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Author Topic: How to transport photo equipment on a bicycle?  (Read 11412 times)
Misirlou
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« Reply #20 on: July 14, 2009, 03:19:02 PM »
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I didn't see it specifically mentioned, but you need to know that bikes generally have suspension not to make them ride a lot softer, but to keep the wheels in better contact with the ground, esp. when that ground is really rough. The first dual suspension mountain bikes were specifically engineered to keep one in control while doing bonzai 60 mph charges down rough mountain trails. I have a suspended mountain bike, but I bought it for high-speed commuting on rugged dirt trails: It ain't exactly cushy.

Sure, there have been other designs that claim to be made just for comfort, but the crowd still driving most of the engineering are extreme sports types. You'll find suspensions on a lot of folding bikes, but that's because those bikes have really small wheels, which would be nearly unridable without some mechanical damping. The softest ride you're going to find (probably a fat-tired beach cruiser) will still be relatively harsh to anything rigidly attached as cargo.

Backpacks work pretty well for protecting equipment (assuming you don't fall off), but they usually are not entirely comfortable to carry for very long. If it will be hot, they tend to trap sweat on your back. I like the looks of that Ortlieb case a lot, but I suspect that could still get unwieldy on really technical trails, depending on how burly you are of course.
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neil74
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« Reply #21 on: July 14, 2009, 04:46:50 PM »
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I think that you seriously need to re-evaluate what equipment you take.

I have got back into cycling recently and am asking myself the same question.  I am leaning towards traveling lighter and leaving the SLR behind, I already have a DP1 which I do not think quite cuts it as a sole camera but something like the G1 or Oly Pen would be light plus you cpuld get away with a much lighter tripod too.

I am finding the Oly pen very very tempting but the lack of an EVF and no distance scale on the lens or screen is making me think twice, oh that and the price too.
« Last Edit: July 14, 2009, 04:47:17 PM by neil74 » Logged
Jim Pascoe
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« Reply #22 on: July 15, 2009, 02:51:16 AM »
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Looking back over all of the posts here, it seems that most people are assuming the rider is going off-road.  The original poster said that he wanted to carry 10KG of equipment including a tripod.  That would be a crazy amount of gear to carry on your back while cycling for anything other than a very short distance.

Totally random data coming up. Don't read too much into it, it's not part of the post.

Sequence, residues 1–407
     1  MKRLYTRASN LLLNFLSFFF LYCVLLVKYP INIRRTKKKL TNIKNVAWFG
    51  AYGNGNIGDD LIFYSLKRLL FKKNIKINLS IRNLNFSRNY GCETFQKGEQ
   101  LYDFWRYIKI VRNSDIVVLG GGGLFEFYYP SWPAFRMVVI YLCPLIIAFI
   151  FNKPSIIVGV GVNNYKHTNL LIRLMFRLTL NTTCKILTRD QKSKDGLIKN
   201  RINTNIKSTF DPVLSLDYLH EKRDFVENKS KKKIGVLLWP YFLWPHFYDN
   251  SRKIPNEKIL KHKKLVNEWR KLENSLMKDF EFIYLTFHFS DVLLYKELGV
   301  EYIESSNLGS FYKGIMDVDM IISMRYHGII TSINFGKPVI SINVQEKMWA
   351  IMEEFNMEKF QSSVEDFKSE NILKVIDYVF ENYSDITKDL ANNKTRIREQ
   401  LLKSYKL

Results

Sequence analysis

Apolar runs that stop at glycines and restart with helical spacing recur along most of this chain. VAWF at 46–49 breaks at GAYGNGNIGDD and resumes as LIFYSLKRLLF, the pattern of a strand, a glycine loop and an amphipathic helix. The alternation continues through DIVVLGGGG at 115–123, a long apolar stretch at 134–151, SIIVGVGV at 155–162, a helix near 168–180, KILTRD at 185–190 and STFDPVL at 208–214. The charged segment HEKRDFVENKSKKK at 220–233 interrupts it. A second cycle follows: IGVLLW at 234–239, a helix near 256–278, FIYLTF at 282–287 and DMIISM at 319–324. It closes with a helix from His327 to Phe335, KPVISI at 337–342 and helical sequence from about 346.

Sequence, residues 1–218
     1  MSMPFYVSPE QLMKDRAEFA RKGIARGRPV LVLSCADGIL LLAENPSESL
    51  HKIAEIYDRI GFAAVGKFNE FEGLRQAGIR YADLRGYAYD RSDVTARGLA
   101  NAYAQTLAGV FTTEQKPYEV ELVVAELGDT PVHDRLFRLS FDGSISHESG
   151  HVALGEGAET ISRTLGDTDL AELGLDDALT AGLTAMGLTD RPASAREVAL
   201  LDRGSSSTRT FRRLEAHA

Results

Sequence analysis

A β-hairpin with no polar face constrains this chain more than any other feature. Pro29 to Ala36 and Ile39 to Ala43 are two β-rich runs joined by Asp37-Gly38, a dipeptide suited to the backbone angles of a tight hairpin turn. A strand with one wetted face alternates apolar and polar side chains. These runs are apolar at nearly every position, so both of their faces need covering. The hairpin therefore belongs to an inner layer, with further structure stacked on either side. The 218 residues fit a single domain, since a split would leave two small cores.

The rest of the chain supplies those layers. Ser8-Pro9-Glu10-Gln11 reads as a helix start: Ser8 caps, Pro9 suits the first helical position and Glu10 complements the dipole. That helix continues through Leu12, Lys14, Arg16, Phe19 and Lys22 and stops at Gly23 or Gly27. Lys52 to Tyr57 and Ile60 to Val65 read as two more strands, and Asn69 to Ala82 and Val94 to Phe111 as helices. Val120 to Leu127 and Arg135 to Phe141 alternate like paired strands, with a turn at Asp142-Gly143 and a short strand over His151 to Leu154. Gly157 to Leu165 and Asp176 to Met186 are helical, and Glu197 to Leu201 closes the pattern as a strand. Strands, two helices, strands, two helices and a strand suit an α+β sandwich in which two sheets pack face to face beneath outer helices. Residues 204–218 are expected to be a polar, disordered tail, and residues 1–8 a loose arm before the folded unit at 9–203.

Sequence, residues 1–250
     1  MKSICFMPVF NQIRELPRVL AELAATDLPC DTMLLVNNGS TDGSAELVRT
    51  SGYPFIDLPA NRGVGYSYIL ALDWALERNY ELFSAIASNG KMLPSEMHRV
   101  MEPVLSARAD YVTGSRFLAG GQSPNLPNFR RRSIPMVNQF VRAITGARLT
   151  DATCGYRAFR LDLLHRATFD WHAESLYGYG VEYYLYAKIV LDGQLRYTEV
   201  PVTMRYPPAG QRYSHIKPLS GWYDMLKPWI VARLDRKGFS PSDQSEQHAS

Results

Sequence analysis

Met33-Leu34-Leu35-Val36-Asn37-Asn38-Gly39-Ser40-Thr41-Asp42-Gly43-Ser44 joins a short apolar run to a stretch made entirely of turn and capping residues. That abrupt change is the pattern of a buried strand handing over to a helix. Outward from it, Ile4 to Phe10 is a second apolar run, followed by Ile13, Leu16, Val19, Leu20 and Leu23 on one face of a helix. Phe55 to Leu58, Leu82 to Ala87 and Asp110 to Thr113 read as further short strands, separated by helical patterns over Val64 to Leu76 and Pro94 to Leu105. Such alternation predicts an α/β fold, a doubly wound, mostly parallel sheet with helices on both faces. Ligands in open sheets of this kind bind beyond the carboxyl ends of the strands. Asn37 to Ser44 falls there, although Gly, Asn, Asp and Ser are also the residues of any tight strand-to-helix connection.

For road riding carrying the gear on the bike has to be the way to go.  Bikes can carry a huge amount of weight if necessary and the rider quickly gets used to the different handling.

For off-roading, obviously the gear will get hammered on anything other than smooth trails, and even here the vibration would be bad news.  In this scenario I would carry a very light camera in a small pack, and if you need a tripod, carry a cheap one strapped to a rack if you can fit one.

Anyone who has tried to cycle with a 10kg pack on their back will know that it is just a very unpleasant way to ruin a bike ride, whereas it is quite feasible to cover very long distances on the road with a correctly laden bike. One of the beauties of cycling with a load compared to hiking, is that the bike will take the weight.  All you have to do is propel it!

Jim
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TimG
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« Reply #23 on: July 31, 2009, 04:50:01 PM »
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Maybe check out the Ute by Kona, here:
2009 Kona Ute

While the "large ute bag" may not be the correct bag for carrying camera gear, the large rear platform rack system is longer than most.  

Looks like this bike was built for carrying heavy loads.
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Chris Pollock
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« Reply #24 on: August 02, 2009, 03:54:25 AM »
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Quote from: Jim Pascoe
Anyone who has tried to cycle with a 10kg pack on their back will know that it is just a very unpleasant way to ruin a bike ride, whereas it is quite feasible to cover very long distances on the road with a correctly laden bike. One of the beauties of cycling with a load compared to hiking, is that the bike will take the weight.  All you have to do is propel it!
I've done a few long road trips in my time, and agree entirely with the above quote. Even the weight of an SLR and lens in a backpack would get very uncomfortable after a day in the saddle. I used to carry a Canon D60, 2 or 3 lenses, and sometime a carbon fibre tripod in ordinary rear pannier bags mounted on the back of a road bike. I also carried a small laptop for storing my photos, spare clothing, and a few other odds and ends.

The weight was easy to deal with - a more serious problem was that I'd want to stop and take some photos when I saw anything interesting, which slowed my progress. I stored the camera and lenses in ordinary soft padded cases, which seemed to protect them just fine. For what it's worth, I had one (fairly minor) crash with my equipment aboard, and nothing was damaged.  Probably nothing would keep your gear safe in a serious crash, but the same thing could be said about the cyclist too.
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